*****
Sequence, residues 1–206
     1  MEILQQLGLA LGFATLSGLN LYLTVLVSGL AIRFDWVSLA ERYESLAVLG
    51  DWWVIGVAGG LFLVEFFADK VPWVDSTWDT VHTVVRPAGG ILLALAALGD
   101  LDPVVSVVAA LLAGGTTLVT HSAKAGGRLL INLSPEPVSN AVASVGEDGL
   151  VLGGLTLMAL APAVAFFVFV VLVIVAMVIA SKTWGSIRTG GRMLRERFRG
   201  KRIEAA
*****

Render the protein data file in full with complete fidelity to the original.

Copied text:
Sequence, residues 1–206
     1  MEILQQLGLA LGFATLSGLN LYLTVLVSGL AIRFDWVSLA ERYESLAVLG
    51  DWWVIGVAGG LFLVEFFADK VPWVDSTWDT VHTVVRPAGG ILLALAALGD
   101  LDPVVSVVAA LLAGGTTLVT HSAKAGGRLL INLSPEPVSN AVASVGEDGL
   151  VLGGLTLMAL APAVAFFVFV VLVIVAMVIA SKTWGSIRTG GRMLRERFRG
   201  KRIEAA